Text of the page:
The Beginning

Black Hole

Officially it started in August.  Before that…I don’t know.  I’ve felt parts of it for years and secretly I’ve struggled.  I guess you try and trick yourself into believing everything is ok so you can cope, right?  I think I did.

So, back in August I knew something was wrong.  Those subtle parts I’d been feeling for years had all suddenly come together and were starting to overwhelm me.  I knew something was wrong but I could not have explained it properly to anyone.  How do you explain the feeling of having a black hole inside of you, sucking all the emotion and energy and enthusiasm out of you?  Words only go so far.  Either way, I knew something was wrong.  Very wrong.  Knowing, however, and doing something about it are two very different things…

I vividly remember pacing up and down the hallway, trying to put my feelings into words.  My stomach was churning, my chest was tight and I was very breathless.  At first I thought I was having a panic attack but I’d never had one before, as far as I knew.  I paced and paced, mobile in my hand, and eventually called the one person I knew could help me.

My Dad.

My Dad is brilliant.  One of my strongest supports.  I know that I can turn to him when I’m stuck and he will patiently sit there and help me work it out.  Whether it’s IT support, a soundboard or someone who will help me put puzzle pieces together, he does what he can to help me.  One of his biggest plus points is his ability to make it look like he’s not worried.  I can tell him anything and meet that calmness that says he’ll try and fix it no matter what.  I don’t know whether he realises this.  That said, I phoned him.

The explanation was hard.  As I said: how do you explain a black hole inside of you.  I start by saying I feel down.  Not the sort of down where you’re having a bad day but one that’s deeper.  Thoughts tumble through my head like an avalanche and I’m not sleeping well.  I’m finding I hate myself.  Other feelings, hard to describe, clouding my mind and adding to the cacophony.  Too many.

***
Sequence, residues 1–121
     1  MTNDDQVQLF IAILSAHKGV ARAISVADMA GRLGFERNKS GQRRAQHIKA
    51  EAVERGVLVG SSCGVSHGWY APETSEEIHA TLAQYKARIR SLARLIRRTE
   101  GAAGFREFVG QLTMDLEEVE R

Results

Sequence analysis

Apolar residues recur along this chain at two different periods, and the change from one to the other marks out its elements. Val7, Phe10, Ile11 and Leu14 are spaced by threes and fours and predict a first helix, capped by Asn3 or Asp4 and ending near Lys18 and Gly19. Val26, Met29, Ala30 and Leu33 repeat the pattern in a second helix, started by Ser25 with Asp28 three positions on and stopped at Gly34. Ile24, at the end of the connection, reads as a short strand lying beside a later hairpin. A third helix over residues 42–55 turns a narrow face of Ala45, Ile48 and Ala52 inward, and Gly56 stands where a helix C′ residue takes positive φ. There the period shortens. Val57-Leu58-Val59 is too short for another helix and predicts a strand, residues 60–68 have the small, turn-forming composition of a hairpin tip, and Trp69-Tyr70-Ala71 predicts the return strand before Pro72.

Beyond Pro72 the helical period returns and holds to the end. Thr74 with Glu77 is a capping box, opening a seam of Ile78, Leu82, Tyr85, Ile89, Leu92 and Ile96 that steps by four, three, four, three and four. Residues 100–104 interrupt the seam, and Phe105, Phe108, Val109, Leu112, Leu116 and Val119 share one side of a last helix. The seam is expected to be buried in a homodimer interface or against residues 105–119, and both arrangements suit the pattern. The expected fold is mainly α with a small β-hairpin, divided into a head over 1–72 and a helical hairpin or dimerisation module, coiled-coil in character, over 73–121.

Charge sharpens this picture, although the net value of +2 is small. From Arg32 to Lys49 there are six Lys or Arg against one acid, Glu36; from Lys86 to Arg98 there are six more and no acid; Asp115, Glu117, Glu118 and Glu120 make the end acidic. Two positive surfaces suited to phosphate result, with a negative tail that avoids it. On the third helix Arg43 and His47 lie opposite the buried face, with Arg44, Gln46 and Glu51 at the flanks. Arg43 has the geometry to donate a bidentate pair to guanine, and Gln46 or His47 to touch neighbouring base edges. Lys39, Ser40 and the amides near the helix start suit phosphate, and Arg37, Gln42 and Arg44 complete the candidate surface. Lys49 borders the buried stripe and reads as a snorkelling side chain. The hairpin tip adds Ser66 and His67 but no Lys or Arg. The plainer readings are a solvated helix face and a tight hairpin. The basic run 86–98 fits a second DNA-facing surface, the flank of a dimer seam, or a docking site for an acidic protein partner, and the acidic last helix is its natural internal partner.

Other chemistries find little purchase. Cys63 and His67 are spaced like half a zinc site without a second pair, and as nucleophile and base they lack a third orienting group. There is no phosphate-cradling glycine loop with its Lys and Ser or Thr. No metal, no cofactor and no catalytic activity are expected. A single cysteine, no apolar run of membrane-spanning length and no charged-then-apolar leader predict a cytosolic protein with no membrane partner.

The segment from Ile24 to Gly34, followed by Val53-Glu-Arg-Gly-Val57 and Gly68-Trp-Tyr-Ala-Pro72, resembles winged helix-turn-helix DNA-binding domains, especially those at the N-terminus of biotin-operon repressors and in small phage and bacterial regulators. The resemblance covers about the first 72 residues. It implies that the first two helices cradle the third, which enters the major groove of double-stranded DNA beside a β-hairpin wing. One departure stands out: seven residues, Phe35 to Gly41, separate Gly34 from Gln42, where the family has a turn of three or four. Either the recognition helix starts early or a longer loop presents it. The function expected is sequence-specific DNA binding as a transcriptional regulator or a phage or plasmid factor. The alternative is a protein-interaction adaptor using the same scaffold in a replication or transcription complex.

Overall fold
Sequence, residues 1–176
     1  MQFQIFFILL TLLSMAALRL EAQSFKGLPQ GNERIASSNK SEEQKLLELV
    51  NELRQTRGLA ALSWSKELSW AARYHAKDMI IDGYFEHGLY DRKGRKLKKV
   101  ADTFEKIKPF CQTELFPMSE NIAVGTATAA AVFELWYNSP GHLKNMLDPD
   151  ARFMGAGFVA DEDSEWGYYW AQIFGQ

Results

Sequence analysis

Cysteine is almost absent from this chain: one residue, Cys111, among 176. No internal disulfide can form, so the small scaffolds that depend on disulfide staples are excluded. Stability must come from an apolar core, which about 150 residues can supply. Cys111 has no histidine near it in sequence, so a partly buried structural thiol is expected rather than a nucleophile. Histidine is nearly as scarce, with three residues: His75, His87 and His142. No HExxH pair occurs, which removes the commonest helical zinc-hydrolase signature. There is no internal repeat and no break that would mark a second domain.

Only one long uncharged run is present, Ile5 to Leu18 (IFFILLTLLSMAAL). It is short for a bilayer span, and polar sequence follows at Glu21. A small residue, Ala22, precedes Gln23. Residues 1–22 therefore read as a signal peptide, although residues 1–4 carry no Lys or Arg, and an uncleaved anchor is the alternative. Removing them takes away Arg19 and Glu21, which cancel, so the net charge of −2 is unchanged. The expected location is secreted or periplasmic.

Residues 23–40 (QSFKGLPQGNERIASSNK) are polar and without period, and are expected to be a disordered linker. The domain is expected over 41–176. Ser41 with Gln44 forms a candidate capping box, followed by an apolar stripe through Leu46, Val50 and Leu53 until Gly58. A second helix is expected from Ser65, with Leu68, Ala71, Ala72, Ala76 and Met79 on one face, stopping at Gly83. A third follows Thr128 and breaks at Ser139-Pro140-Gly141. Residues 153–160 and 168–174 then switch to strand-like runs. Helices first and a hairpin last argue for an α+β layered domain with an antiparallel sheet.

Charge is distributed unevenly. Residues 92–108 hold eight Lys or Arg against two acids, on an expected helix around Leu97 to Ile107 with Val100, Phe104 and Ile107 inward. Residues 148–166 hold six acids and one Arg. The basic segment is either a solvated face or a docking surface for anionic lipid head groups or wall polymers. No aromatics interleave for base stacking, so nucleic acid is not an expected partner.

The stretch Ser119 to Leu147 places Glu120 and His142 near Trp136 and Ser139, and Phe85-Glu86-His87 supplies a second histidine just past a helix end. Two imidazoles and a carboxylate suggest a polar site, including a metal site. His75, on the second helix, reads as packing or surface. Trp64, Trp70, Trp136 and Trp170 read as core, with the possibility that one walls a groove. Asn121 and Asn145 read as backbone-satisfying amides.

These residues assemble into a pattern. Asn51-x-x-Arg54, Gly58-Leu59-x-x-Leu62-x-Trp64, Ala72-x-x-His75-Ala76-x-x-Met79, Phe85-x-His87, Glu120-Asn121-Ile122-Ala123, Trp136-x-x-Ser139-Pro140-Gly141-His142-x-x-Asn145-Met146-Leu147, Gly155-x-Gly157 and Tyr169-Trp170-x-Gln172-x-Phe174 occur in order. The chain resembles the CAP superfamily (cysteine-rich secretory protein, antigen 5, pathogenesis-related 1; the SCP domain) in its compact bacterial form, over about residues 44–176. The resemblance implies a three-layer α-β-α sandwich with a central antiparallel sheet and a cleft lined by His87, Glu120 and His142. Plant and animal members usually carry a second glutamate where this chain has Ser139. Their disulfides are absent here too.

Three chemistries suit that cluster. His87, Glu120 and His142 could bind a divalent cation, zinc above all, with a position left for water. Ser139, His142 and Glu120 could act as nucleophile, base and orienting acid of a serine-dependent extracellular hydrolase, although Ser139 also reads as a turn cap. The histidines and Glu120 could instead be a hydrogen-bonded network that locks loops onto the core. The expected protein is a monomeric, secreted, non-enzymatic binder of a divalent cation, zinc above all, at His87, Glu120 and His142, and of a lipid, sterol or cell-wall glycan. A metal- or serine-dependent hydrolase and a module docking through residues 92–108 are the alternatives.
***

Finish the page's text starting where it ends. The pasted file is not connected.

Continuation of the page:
Dad’s advice was simple: visit the doctor.  Stupidly, I didn’t.

A few days later, someone else noticed something was wrong.  I don’t know how but she did.  My mask had slipped and someone had seen the darkness behind it.  Unflinching, she looked for a moment and asked if I was ok.  Admittedly, the answer I gave wasn’t completely honest.  Still, it prompted me to book in with the doctor and I got the confirmation of my suspicions.

I have depression, anxiety and insomnia.

At that point I didn’t know much about it.  I’d heard the words and I have a few friends who have those labels with them but I didn’t know much.  As the doctor gave me that diagnosis, pieces started to click into place and with those pieces came understanding.  Unfortunately that understanding also brought a plethora of questions to mind that, some of which I still don’t have answers to.  I remember feeling scared, realising what my mind was and still is capable of.  Sometimes I remember that feeling and still go cold all over.

It’s been a long journey.  Read along, feel free to contact me on Twitter, Facebook or email me.  See where it takes you.

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Become a PatronDisclaimer: I am not an expert, nor am I medically qualified.  This blog is based on my personal experiences only.  Always seek medical advice in the first instance.

Author: Alex Davies

Alex Davies is the creator and writer for Pushing Back the Shadows. Find out more about his journey here and connect with him on Facebook, Google+ and Twitter.

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